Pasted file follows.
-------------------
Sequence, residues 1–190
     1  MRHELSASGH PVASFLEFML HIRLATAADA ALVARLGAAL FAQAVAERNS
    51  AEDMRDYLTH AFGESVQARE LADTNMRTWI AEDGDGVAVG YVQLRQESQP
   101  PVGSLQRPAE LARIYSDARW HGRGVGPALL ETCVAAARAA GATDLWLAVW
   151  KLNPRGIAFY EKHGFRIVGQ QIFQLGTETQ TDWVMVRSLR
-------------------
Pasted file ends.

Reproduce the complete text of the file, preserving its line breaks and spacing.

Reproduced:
Sequence, residues 1–190
     1  MRHELSASGH PVASFLEFML HIRLATAADA ALVARLGAAL FAQAVAERNS
    51  AEDMRDYLTH AFGESVQARE LADTNMRTWI AEDGDGVAVG YVQLRQESQP
   101  PVGSLQRPAE LARIYSDARW HGRGVGPALL ETCVAAARAA GATDLWLAVW
   151  KLNPRGIAFY EKHGFRIVGQ QIFQLGTETQ TDWVMVRSLR